Muslim Women Reformers, Inspiring Voices Against Oppression
By Ida Lichter
(Prometheus Books, 2009) 513 pp.

Reviewed by Jeanette M. Fregulia, Ph.D., Assistant Professor of History, Carroll College

Australian psychiatrist Ida Lichter notes on the first page of her book Muslim Women Reformers, Inspiring Voices Against Oppression that since September 11, 2001 much media attention has been devoted to an ideology of political Islam that not only promotes acts of terror, but also espouses a vision of Islam that denies rights to women. In this climate Lichter begins, scant attention has been given to women who challenge this view. With the stated goal of “amplifying their voices” (p. 17), Ida Lichter takes on the task of bringing greater attention to these women in a manner that addresses some of the common challenges they face, while avoiding the temptation to essentialize the women involved or the Muslim faith.

Arranging the material alphabetically, the author addresses questions of gender inequality, women’s oppression, and attempts at reform in countries from Afghanistan to the United States. Each section begins with a short description of the contemporary situation for women, efforts at reform, and in three instances (Afghanistan, Iran, and Saudi Arabia), the author provides a broad general assessment. Lichter devotes the remainder of each chapter to short profiles of specific women, including upbringing and family, educational background, profession, and women’s rights organizations with which they are involved as applicable. The book ends with a short section titled “Muslim Male Activists,” as well as a discussion of some of the transnational organizations devoted to promoting gender equality.

Despite a formulaic narrative tone, the text does provide a broad overview of the efforts of women reformers. In the course of just over 400 pages, readers are introduced to Safia Amajan of Afghanistan, who operated an underground school for girls, joined the Department of Women’s Affairs in 2001, later rising to its leadership, and was ultimately murdered by the Taliban in 2005 at the age of sixty-three. Other profiles of female activists include Aida Seif el-Dawla of Egypt, who founded the El Nadim Center for the Psychological Rehabilitation of Victims of Violence in 1993, and Wajeha al-Huwaider a journalist in Saudi Arabia, who, along with Fawzia al-Ayouni, is perhaps best known for leading the 2007 campaign to allow women to drive.

If the text overall leaves readers wanting a bit more depth, the author should be commended for her efforts not to portray Muslim female reformers as a monolithic group. Varying greatly in terms of religion, culture, family background, educational level, profession, and goals for reform, Lichter is noticeably even-handed, calling attention to both noted Egyptian feminist Ekbal Baraka who argues that “discrimination against women is not an essential part of Islam” (p. 100), and Fatima Mernissi of Morocco who maintains an opposing position, asserting that “equality of the sexes contradicts Islam” (p. 251). The author also asserts that many of the women she highlights favor reforms within the context of Islam, including Ziba Mir-Hosseini of Iran, whose feminism involves “reconciling the Muslim faith with democracy and gender equality” (p. 181).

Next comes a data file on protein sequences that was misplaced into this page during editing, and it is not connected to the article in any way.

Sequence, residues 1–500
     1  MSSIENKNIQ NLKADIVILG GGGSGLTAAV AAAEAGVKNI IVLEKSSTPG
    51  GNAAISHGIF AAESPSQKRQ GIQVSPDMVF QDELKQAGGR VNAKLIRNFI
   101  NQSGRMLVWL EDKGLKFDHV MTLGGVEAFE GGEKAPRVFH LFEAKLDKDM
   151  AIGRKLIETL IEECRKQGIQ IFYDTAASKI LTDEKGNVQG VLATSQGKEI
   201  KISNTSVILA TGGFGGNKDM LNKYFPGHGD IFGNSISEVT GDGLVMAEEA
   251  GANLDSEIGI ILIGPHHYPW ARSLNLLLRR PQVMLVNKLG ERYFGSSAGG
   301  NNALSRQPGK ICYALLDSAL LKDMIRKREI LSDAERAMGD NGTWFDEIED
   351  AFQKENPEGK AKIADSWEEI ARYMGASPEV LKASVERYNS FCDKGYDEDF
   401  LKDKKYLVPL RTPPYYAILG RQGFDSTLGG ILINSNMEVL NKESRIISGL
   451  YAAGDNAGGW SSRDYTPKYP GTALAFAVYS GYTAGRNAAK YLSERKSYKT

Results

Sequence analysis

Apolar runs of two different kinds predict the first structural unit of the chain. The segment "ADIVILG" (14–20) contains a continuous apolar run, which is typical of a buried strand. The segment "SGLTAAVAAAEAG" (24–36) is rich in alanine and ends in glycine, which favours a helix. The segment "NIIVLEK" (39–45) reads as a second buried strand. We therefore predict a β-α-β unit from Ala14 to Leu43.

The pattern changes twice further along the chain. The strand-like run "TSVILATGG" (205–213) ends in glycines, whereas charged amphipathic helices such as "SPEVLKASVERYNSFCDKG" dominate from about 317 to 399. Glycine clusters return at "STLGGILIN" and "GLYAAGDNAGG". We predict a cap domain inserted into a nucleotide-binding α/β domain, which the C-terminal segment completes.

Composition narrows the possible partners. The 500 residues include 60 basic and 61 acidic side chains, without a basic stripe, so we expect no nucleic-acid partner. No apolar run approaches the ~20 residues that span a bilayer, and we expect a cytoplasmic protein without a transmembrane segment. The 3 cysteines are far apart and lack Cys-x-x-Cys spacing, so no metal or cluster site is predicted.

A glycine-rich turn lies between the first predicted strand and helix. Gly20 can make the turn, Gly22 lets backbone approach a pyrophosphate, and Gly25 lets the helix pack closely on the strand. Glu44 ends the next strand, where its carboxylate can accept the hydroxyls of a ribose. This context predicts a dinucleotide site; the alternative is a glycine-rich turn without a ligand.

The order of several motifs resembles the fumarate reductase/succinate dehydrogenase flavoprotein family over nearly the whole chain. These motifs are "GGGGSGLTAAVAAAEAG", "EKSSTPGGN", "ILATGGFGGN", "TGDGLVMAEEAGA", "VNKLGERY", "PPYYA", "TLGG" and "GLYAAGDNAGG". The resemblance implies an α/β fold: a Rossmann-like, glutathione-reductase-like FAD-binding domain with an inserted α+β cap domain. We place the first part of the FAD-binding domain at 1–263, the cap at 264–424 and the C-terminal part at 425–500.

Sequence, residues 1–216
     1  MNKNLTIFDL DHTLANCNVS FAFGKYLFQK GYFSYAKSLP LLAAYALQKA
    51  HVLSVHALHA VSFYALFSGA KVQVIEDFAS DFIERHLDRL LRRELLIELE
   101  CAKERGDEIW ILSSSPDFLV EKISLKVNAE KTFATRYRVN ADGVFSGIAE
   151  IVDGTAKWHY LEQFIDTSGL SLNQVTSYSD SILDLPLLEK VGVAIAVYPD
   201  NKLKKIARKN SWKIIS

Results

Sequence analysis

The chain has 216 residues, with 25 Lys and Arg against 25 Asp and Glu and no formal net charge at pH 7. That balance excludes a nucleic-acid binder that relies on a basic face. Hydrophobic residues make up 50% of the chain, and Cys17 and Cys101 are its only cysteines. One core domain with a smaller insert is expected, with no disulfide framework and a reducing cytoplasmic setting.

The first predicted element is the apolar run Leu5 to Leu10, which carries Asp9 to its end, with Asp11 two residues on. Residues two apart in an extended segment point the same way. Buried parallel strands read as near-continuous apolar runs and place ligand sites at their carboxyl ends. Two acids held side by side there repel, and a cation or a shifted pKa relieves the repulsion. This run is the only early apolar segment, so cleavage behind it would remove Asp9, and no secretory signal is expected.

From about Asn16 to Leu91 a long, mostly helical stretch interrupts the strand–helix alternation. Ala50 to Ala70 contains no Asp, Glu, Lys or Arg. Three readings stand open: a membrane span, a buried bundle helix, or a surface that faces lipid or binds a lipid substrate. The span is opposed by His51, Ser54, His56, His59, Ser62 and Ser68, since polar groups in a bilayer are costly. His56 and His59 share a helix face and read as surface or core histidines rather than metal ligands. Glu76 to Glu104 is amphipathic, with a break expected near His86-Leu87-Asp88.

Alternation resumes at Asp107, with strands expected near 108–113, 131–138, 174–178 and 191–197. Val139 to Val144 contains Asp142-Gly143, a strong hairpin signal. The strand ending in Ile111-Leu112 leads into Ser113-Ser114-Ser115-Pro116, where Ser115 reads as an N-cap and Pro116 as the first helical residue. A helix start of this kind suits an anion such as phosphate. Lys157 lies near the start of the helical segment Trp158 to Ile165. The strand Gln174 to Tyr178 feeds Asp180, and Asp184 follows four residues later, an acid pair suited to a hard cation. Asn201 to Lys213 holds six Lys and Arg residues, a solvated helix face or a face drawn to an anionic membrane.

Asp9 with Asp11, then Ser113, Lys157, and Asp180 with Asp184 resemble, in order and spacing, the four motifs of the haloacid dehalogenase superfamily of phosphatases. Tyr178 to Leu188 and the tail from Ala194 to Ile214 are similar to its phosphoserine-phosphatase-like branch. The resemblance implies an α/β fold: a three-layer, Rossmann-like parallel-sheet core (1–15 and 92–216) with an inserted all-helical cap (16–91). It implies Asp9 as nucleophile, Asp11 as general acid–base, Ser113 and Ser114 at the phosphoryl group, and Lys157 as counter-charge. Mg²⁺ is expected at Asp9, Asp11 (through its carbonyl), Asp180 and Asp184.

The strengths noted above notwithstanding, the text also has limitations, particularly for those well versed in the subject matter. Specifically, it only skims the surface, offering little new information or analysis on a topic that, as Nikki Keddie notes in Women in the Middle East, Past and Present (2007) has only begun to receive careful study in approximately the last twenty years. To strengthen the volume, as well as make it more appealing to specialists, the author needed to move beyond the series of brief profiles and offer some new insight. The author would have benefited considerably from examining the primary source materials available, rather than relying almost exclusively on media sources including newspaper and magazine articles, reprinted interviews and speeches, and reports from human rights organizations. This secondary material, while useful for providing context and opportunities for further reading, does not allow readers to hear clearly the voices of the individual women. The book would be more compelling and informative if it included, as often as possible, interviews conducted by the author herself, accompanied by an analysis of these personal meetings. Finally, the author provides no formal conclusion, leaving readers to wonder what new insights she gained, what the future might hold for Muslim women and their desire for reforms, and what additional research might yield.

Summing up, Muslim Women Reformers offers an interesting and easily accessible introduction to those unfamiliar with the subject. It may, however, prove less useful to specialists in the field.